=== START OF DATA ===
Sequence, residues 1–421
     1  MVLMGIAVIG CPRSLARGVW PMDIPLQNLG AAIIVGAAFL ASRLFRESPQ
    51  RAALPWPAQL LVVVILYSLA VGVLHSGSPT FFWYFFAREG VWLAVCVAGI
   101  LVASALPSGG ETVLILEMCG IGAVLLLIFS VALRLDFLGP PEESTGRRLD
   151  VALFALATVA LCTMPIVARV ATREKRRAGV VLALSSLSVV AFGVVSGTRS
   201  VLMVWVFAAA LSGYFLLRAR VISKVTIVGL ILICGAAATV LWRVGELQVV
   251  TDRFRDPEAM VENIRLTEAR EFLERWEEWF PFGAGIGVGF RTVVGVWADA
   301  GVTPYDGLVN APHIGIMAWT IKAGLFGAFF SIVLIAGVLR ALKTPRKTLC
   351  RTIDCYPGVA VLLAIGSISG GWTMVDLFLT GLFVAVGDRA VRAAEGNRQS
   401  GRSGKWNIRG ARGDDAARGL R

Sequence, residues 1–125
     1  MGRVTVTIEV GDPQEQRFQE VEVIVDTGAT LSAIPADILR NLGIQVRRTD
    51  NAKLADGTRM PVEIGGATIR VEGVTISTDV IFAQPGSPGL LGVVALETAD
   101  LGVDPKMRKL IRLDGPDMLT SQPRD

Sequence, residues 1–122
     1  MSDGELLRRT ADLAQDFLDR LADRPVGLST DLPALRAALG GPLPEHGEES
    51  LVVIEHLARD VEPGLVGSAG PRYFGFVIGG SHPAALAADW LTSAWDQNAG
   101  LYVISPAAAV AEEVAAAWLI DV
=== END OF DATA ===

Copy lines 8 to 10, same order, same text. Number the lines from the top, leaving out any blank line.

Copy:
   301  GVTPYDGLVN APHIGIMAWT IKAGLFGAFF SIVLIAGVLR ALKTPRKTLC
   351  RTIDCYPGVA VLLAIGSISG GWTMVDLFLT GLFVAVGDRA VRAAEGNRQS
   401  GRSGKWNIRG ARGDDAARGL R